Cristin-prosjekt-ID: 351867
Sist endret: 14. januar 2015 16:56

Cristin-prosjekt-ID: 351867
Sist endret: 14. januar 2015 16:56
Prosjekt

196468/V40 - Genome size, cell size and growth; searching for casual links

prosjektleder

Dag Olav Hessen
ved Institutt for biovitenskap (tidl. IMBV) ved Universitetet i Oslo

prosjekteier / koordinerende forskningsansvarlig enhet

  • Centre for Ecological and Evolutionary Synthesis ved Universitetet i Oslo

Tidsramme

Avsluttet
Start: 1. januar 2010 Slutt: 30. november 2013

Beskrivelse Beskrivelse

Tittel

196468/V40 - Genome size, cell size and growth; searching for casual links

Sammendrag

We here aim both at exploring the causal links between growth rate, genome size and cell size and the evolutionary drivers for reduced genome size. There are likely several routes to genome size variability within and across taxa. Here, we are mainly interested in the observation that meiosis and cell division often is negatively correlated with genome size across plant and animal taxa. Since genome size and cell size also are tightly coupled, both cell and genome size should also show a strong negative correlation with developmental time. We hypothesize that this could be related to a phosphorus allocation from DNA to RNA under P-deficiency. A crucial question is thus the evolutionary drivers for reduced genome size in organisms, and how this actually is solved by the organisms.We will study both the role of polyploidy and genome downsizing after polyploidization, and the role of non-coding elements (transposons, repetitive units) in the context of genome streamlining. Yet we will address the aspect of genome streamlining on a broad scale, we will specifically study the material costs of producing nucleic acids, and how this may have relevance for the allocation of resources between DNA and RNA. A larger genome may result in higher investment into nucleic acids since the majority of the eukaryotic genomic DNA, including non-codingregions, may be transcribed. Our focus is on whether there are in fact energy and material costs that could select against large genomes. Such costs can be inferred from: (i) the existence of purely mechanical constraints related to faster and more efficient eplication and metabolic activity in smaller genomes and cells; and (ii) the tight coupling of rapid growth and cellular rRNA copy numbers, meaning that high somatic N and P contents may represent a tradeoff between material resources allocated to DNA vs. RNA. The project will be based both on meta-analysis of existing data and byexperiments with a range of organisms.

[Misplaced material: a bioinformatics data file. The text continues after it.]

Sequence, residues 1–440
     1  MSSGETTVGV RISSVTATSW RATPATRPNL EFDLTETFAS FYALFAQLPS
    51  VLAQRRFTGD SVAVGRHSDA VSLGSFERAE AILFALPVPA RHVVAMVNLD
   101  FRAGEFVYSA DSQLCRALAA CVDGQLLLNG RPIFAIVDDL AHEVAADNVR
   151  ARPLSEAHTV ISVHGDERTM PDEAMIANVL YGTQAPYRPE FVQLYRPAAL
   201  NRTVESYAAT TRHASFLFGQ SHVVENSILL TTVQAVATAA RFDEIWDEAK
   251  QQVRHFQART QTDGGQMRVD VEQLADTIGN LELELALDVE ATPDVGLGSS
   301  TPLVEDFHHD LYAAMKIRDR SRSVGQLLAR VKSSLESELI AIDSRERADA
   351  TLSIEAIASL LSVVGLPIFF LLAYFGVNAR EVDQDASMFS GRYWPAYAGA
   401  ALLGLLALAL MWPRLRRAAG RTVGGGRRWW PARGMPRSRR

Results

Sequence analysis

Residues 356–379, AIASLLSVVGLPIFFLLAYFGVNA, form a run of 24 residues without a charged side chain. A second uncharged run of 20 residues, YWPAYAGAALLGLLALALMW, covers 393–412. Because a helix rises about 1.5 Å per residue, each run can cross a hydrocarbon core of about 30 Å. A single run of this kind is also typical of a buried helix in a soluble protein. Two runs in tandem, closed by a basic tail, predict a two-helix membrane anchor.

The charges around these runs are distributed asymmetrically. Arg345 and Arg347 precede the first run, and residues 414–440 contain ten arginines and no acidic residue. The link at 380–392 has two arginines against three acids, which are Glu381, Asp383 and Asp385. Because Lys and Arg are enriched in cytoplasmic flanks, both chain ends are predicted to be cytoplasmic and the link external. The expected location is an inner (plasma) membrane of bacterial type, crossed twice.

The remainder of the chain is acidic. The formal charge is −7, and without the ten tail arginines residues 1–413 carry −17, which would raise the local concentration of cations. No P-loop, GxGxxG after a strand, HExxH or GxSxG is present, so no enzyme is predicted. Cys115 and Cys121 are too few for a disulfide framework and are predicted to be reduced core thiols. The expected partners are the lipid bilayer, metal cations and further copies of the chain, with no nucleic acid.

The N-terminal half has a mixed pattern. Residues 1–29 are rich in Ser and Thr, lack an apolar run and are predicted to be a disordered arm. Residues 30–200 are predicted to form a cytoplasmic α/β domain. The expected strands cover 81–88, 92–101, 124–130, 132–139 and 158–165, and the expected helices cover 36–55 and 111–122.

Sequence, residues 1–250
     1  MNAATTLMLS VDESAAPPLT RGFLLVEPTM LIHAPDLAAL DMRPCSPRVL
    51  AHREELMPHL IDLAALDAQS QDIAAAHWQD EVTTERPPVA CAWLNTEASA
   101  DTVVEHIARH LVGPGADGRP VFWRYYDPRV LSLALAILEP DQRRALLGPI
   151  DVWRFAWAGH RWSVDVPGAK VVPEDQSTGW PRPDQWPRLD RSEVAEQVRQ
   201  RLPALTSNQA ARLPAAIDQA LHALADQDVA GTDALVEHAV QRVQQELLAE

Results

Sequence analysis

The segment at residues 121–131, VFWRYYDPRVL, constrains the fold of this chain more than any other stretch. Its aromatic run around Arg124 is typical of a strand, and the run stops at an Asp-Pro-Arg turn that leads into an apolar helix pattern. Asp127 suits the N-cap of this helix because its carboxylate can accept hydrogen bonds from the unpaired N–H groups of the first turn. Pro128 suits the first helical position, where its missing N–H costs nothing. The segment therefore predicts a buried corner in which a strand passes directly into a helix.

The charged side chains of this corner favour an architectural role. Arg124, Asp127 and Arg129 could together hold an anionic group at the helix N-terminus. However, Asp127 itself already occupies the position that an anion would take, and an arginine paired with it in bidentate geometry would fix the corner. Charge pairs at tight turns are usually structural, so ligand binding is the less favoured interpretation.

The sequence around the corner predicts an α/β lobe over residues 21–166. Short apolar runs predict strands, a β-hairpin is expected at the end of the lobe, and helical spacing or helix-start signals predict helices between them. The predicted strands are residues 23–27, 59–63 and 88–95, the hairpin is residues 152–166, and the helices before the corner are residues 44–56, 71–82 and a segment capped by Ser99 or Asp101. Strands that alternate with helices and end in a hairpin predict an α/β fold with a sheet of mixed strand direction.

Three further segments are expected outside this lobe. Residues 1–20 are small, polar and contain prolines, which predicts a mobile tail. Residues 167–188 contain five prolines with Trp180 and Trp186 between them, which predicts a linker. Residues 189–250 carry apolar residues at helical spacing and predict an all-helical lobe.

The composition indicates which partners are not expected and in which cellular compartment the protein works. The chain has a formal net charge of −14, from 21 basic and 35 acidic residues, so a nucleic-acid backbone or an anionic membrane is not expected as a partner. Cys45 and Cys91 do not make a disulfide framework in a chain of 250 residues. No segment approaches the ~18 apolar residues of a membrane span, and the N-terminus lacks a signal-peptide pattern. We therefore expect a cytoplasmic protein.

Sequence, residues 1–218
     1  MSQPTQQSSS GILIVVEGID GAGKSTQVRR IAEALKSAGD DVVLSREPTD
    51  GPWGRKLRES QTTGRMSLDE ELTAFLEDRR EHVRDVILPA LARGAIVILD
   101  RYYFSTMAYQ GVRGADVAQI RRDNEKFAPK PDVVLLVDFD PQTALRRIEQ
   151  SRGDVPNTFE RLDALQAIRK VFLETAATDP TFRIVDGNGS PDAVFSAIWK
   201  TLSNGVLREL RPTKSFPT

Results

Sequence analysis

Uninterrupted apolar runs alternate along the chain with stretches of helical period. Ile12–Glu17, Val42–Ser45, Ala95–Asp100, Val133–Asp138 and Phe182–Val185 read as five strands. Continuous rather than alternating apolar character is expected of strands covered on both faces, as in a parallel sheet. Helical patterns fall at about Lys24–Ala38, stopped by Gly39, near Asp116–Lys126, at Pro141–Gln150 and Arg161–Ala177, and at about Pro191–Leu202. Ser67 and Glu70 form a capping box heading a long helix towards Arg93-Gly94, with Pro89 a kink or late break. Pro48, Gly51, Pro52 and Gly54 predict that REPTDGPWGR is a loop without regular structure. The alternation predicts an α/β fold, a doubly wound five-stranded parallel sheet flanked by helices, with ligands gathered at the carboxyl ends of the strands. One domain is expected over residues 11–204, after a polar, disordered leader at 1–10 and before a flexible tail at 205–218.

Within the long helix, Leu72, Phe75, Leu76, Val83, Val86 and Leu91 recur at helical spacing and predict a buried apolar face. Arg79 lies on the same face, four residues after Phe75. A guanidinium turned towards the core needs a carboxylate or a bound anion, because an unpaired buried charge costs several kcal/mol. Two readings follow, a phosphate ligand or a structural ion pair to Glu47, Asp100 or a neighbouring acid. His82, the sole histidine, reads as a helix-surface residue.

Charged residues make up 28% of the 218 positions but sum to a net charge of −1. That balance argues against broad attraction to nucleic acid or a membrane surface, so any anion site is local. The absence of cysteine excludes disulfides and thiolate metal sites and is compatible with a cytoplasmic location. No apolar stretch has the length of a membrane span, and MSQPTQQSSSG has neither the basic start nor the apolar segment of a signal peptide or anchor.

Vitenskapelig sammendrag

We here aim both at exploring the causal links between growth rate, genome size and cell size and the evolutionary drivers for reduced genome size. There are likely several routes to genome size variability within and across taxa. Here, we are mainly interested in the observation that meiosis and cell division often is negatively correlated with genome size across plant and animal taxa. Since genome size and cell size also are tightly coupled, both cell and genome size should also show a strong negative correlation with developmental time. We hypothesize that this could be related to a phosphorus allocation from DNA to RNA under P-deficiency. A crucial question is thus the evolutionary drivers for reduced genome size in organisms, and how this actually is solved by the organisms.We will study both the role of polyploidy and genome downsizing after polyploidization, and the role of non-coding elements (transposons, repetitive units) in the context of genome streamlining. Yet we will address the aspect of genome streamlining on a broad scale, we will specifically study the material costs of producing nucleic acids, and how this may have relevance for the allocation of resources between DNA and RNA. A larger genome may result in higher investment into nucleic acids since the majority of the eukaryotic genomic DNA, including non-codingregions, may be transcribed. Our focus is on whether there are in fact energy and material costs that could select against large genomes. Such costs can be inferred from: (i) the existence of purely mechanical constraints related to faster and more efficient eplication and metabolic activity in smaller genomes and cells; and (ii) the tight coupling of rapid growth and cellular rRNA copy numbers, meaning that high somatic N and P contents may represent a tradeoff between material resources allocated to DNA vs. RNA. The project will be based both on meta-analysis of existing data and byexperiments with a range of organisms.

prosjektdeltakere

prosjektleder
Aktiv cristin-person

Dag Olav Hessen

  • Tilknyttet:
    Prosjektleder
    ved Institutt for biovitenskap (tidl. IMBV) ved Universitetet i Oslo
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